The United Nations Children’s Fund (UNICEF) says the impact of the COVID-19 pandemic on children’s mental health in Nigeria was rising, as one in six young adults aged between 15 and 24 years was currently experiencing depression.
UNICEF said this in its flagship report, “State of the World’s Children 2021; On My Mind: promoting, protecting and caring for children’s mental health” released on Tuesday, in Abuja.
The report is UNICEF’s most comprehensive look at the mental health of children, adolescents, and caregivers in the 21st century.
It estimates that the current impact of COVID-19 on children’s mental health was a ‘tip of the iceberg’ as the trend was likely to continue in the next years.
The report said that the negative trend can, however, be reversed if the Federal Government increased funding for mental health.
“What we see now is just a ‘tip of the iceberg’. As COVID-19 heads into its third year, the impact of the pandemic on children and young people’s mental health and well-being will continue to weigh heavily.
“One in six young Nigerians between 15 to 24 years, often feel depressed or have little interest in doing things. Data from UNICEF shows that globally, one in seven children have been directly affected by lockdowns.
“More than 1.6 billion children have suffered some loss of education; the disruption to routines, education, and recreation. Concern for family income and health is leaving many young people feeling afraid, angry, and concerned for their future.
“Although almost 46,000 adolescents die from suicides every year, wide gaps persist between mental health needs and mental health funding. Only 2 per cent of government health budgets is allocated to mental health spending globally,” the report said.
The report also said that mental health challenges such as anxiety, depression, eating disorders, intellectual disability, and conduct disorder, can harm the health, life outcomes, and earning capacity of young people.
According to the report, globally, more than one in seven adolescents between 10 to 19 years have been diagnosed with a mental health problem.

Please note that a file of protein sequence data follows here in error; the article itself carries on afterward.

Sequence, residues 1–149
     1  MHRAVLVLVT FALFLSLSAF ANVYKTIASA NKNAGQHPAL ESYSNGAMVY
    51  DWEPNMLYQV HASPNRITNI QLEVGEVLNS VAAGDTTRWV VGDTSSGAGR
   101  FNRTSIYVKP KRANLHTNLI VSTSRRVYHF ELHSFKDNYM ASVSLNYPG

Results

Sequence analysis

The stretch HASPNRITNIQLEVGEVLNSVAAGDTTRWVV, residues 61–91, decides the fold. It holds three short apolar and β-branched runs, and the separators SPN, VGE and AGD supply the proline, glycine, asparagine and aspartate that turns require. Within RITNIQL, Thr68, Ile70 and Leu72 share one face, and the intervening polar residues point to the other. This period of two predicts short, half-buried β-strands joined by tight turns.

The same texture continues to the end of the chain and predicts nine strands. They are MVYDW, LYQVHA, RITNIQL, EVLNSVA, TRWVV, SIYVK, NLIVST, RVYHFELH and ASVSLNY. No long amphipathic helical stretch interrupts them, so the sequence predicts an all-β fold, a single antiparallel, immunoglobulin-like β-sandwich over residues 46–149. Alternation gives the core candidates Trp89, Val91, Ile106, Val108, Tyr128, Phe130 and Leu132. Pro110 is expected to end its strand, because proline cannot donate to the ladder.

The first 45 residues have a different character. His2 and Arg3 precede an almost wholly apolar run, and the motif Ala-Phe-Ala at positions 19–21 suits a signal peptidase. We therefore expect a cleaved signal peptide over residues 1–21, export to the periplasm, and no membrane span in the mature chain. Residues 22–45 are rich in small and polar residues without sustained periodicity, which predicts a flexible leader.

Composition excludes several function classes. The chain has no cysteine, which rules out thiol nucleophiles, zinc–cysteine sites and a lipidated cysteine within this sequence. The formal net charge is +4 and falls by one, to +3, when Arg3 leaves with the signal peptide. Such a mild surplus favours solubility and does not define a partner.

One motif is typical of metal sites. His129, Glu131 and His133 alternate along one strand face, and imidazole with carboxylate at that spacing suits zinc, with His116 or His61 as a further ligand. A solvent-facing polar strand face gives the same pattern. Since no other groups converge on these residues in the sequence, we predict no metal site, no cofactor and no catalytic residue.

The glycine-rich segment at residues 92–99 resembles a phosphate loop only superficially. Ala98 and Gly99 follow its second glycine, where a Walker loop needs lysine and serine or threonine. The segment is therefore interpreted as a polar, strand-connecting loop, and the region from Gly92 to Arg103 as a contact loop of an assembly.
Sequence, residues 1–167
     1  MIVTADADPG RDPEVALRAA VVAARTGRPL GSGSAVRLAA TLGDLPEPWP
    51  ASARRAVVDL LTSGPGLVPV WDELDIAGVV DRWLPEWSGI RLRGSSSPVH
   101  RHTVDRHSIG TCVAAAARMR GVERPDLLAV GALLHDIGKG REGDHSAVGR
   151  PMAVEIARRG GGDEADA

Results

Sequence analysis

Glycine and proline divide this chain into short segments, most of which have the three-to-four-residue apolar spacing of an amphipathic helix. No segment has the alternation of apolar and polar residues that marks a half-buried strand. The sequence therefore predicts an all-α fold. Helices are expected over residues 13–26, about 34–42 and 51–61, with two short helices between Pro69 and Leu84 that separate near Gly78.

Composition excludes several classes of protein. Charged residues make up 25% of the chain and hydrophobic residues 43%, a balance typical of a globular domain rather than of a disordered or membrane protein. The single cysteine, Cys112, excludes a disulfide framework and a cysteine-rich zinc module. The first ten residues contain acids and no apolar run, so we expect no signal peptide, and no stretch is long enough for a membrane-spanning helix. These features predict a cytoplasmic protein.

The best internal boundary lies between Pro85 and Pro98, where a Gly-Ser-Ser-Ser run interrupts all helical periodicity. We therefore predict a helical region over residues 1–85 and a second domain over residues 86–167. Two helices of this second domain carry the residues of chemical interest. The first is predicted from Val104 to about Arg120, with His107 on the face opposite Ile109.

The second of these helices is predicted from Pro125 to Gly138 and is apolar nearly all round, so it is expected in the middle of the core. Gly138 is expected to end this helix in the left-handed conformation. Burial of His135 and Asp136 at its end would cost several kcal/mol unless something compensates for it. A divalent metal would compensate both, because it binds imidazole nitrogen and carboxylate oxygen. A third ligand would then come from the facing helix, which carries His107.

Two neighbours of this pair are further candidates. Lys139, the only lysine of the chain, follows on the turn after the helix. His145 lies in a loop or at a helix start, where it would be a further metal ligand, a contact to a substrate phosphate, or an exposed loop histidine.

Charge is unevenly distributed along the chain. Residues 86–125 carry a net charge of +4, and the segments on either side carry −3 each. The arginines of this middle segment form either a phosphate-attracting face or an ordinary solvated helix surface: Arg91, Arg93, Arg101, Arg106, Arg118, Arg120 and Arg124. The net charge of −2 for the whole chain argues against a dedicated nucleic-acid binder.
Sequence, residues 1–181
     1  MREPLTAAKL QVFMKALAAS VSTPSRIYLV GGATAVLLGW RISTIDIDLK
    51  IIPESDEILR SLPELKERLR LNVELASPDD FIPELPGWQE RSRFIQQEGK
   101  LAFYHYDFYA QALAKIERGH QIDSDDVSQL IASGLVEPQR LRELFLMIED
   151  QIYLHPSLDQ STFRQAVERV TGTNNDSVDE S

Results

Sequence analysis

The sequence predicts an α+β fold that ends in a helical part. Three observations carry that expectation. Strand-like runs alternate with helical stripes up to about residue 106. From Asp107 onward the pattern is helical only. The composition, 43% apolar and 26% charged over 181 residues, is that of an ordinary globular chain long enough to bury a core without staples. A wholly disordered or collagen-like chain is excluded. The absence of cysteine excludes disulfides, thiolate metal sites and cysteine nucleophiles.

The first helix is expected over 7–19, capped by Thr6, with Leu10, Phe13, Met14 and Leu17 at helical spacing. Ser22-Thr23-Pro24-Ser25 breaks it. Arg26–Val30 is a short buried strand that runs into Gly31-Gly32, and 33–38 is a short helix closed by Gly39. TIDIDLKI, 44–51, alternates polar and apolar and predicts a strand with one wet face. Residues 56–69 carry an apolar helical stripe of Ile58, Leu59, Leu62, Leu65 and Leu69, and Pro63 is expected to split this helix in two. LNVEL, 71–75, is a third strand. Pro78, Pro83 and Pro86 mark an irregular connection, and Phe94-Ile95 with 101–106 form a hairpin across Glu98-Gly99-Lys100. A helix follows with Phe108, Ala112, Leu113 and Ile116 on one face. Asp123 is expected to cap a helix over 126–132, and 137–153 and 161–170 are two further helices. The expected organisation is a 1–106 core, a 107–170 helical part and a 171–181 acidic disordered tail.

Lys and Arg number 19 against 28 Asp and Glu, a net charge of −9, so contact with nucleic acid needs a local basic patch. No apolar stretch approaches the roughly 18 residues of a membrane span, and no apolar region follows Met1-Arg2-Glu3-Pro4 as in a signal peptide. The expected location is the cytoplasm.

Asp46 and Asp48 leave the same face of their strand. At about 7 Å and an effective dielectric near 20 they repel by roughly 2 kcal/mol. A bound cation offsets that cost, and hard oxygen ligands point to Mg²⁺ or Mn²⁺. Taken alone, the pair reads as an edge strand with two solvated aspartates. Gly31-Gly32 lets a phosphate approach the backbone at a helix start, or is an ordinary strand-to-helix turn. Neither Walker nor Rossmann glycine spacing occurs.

The report quoted Peter Hawkins, the UNICEF Nigeria Country Representative, as saying that the lockdown in Nigeria, increased the risk of violence and abuse, especially, among girl children.
“It has been a long 18 months for us all, especially children.
“With the nationwide lockdowns and pandemic-related movement restrictions in Nigeria, children have spent indelible years of their lives away from family, friends, classrooms, and play which are key elements of childhood itself.
“Children have also suffered an increase in violence and abuse, especially girl children. Even before the pandemic, far too many children were burdened under the weight of unaddressed mental health issues.
“This has been compounded by the pandemic. The impact is significant, and it is sadly the tip of the iceberg,” Hawkins said.
He noted that mental health and physical health were an integral part of health hence they should not be viewed or approached differently, citing the London School of Economics estimates that globally, mental health problems that have led to disabilities or death among young people incurred an economic loss of nearly $390 billion.
The report, therefore, called on governments, private, and public sector partners to act to promote mental health for all children, adolescents, and caregivers.
It suggested that this could be achieved through investments in child and adolescent mental health, breaking the silence surrounding mental illness by addressing stigma, and sensitization to improve understanding of mental health.
“The report notes that a mix of genetics, experience and environmental factors from the earliest days, shape and affect children’s mental health throughout their lifetimes.
“These experiences include parenting, schooling, quality of relationships, exposure to violence or abuse, discrimination, poverty, humanitarian crises, and health emergencies such as COVID-19.
“Protective factors such as loving caregivers, safe school environments, and positive peer relationships can help reduce the risk of mental health problems.
“Significant barriers, including stigma and lack of funding, can, however, prevent many children from experiencing positive mental health or accessing the support they need,” the report stated.